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Rain Gods, By James Lee Burke

One of the things that makes James Lee Burke both one of the best of thriller writers, and something more as well, is that he has always been fascinated by grace. He does not necessarily think about it in religious terms, though religious language is something that many both his heroes and the worst of his villains have in common, so much as the capacity to move lightly on the earth, to retain both a measure of innocence and a serious-mindedness about what is past.

Many of his characters are wounded, often self-wounded through alcoholism and other bad habits; his novels are about recovery, and often redemption. They also tend to have a pastoral streak. Characters go to the city to do their sinning and to the countryside to find some sort of peace. This applies whether or not the city in question is New Orleans, though it often is. In one moment in Rain Gods, two fugitives escape murder by running in among the celebrants of a riverside baptism. They trust holiness to protect them.

Rain Gods, one of Burke's most powerful books for some time, is set in Texas, in the area policed by ageing Hackberry Holland, whose nephew Billy Bob has featured in a number of novels; Holland has a past which includes breaking under torture in Korea, work for the ACLU and a dead second wife: he is a man whose areas of frailty simply make him stronger because of his awareness of them. He finds himself caught up in the complicated consequences of the massacre of some trafficked Thai women, and up against a man who is his dark shadow: "Preacher" Jack Collins, who likes to see himself as not merely a thug for hire, but in constant dialogue with God.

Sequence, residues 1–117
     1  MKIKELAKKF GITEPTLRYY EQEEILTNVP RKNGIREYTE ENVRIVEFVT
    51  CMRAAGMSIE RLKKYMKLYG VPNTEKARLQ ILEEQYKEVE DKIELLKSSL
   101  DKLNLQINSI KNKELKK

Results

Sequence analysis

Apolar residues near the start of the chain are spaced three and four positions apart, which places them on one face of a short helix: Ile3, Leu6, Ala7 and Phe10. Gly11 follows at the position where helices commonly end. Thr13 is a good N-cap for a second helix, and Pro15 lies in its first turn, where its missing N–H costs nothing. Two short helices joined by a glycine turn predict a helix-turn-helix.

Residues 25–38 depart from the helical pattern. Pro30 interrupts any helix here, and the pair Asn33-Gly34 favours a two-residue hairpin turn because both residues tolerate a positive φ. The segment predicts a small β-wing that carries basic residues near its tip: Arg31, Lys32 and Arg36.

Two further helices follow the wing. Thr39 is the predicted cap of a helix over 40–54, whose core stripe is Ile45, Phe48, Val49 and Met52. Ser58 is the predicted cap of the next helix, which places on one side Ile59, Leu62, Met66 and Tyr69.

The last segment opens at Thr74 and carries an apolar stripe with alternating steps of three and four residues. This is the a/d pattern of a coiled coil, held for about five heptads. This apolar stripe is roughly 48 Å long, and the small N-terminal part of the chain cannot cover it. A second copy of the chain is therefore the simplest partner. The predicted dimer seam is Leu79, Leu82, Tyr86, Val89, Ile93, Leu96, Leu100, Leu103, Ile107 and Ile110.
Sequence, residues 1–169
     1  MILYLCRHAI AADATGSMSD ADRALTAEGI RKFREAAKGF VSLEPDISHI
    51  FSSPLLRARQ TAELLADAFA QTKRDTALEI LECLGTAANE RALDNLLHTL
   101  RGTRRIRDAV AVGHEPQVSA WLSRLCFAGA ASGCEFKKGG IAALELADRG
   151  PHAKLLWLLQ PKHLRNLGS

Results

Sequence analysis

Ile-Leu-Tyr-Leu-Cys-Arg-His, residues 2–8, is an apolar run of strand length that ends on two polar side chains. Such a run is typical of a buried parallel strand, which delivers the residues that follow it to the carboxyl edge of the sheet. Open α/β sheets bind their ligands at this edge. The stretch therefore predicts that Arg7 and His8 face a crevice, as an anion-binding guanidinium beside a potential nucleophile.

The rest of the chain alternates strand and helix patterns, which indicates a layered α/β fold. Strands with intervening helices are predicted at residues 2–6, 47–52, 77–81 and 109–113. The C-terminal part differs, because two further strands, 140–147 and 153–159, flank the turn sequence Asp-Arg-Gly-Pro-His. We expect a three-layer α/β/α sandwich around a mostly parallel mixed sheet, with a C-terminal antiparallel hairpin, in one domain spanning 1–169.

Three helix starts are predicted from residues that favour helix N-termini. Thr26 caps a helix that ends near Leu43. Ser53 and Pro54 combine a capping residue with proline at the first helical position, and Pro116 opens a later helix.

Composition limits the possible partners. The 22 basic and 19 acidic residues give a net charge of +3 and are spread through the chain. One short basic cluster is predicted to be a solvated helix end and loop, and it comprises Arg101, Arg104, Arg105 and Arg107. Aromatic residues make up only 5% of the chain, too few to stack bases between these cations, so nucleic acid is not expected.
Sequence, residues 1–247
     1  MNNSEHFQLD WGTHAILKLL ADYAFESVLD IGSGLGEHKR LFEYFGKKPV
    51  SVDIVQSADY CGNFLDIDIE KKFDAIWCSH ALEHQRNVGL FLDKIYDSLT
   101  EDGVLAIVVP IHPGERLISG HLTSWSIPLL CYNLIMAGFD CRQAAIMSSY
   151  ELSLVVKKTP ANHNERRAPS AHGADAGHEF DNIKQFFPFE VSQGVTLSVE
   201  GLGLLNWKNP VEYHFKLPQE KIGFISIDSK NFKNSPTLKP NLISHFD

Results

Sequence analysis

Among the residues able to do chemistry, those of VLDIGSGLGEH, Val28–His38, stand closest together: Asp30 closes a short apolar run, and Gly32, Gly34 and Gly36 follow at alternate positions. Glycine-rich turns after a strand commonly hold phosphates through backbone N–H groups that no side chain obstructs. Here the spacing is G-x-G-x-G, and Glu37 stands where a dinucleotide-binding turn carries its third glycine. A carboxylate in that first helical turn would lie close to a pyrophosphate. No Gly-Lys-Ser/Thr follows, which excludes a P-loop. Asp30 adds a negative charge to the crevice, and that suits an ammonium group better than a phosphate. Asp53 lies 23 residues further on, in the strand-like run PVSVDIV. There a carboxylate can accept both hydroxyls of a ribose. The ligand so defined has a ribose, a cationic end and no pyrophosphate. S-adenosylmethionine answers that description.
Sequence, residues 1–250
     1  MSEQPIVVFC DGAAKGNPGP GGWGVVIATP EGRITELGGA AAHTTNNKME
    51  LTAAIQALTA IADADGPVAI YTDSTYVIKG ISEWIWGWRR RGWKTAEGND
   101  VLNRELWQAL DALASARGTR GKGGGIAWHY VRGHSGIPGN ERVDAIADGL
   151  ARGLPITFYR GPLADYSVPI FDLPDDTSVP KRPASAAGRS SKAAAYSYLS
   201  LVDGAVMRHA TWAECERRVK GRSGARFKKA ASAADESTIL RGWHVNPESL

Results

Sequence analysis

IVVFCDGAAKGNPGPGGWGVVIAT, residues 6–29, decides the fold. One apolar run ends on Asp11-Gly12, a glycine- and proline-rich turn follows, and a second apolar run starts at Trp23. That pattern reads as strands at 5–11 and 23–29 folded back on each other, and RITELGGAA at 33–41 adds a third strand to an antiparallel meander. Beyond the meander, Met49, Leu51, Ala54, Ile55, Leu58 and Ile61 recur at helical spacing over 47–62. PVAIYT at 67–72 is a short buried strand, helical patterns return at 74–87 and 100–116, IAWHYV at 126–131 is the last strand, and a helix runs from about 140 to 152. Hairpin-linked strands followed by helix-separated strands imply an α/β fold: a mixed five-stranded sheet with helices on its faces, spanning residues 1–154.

There is never, in the reader's mind, any serious question that Holland will win this engagement. But what price will he pay along the way, and how he will bear it? One of the problems that Collins finds himself hindered by, and Holland helped, is that many people are not as they seem. Some people caught up in crime will step away from further moral trespass once they confront the implications of what they have already done. Pete, who took a driving job that ended in his witnessing horrors, tries to do the right thing. Strip-club owner Nick Dolan turns out to have more integrity than even he could have imagined - peddling flesh is one thing, but mass murder is where he draws the line.

In particular, Collins - who may have been responsible for the death of his mother and whose preparedness to machine-gun the Thai women was in part a matter of a fundamental misogyny- finds himself crippled, outwitted and ultimately poisoned by a series of strong women. Like Holland, they speak truth to him even when it puts them in danger of his wrath. In the end, Collins is no prince of darkness, much as he would like to be; he is a killer with demented pretensions. What gives Rain Gods its particular vigour is that Burke knows the appeal of writing about men like Collins but, unlike some colleagues, remembers whose side he is on.

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